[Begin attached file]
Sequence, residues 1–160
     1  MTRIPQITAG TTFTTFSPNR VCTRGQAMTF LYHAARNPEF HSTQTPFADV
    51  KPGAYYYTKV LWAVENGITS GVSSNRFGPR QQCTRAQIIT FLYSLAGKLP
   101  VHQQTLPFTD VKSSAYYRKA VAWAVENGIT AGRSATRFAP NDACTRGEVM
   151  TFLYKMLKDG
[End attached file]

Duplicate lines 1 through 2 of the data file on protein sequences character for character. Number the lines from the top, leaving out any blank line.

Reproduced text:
Sequence, residues 1–160
     1  MTRIPQITAG TTFTTFSPNR VCTRGQAMTF LYHAARNPEF HSTQTPFADV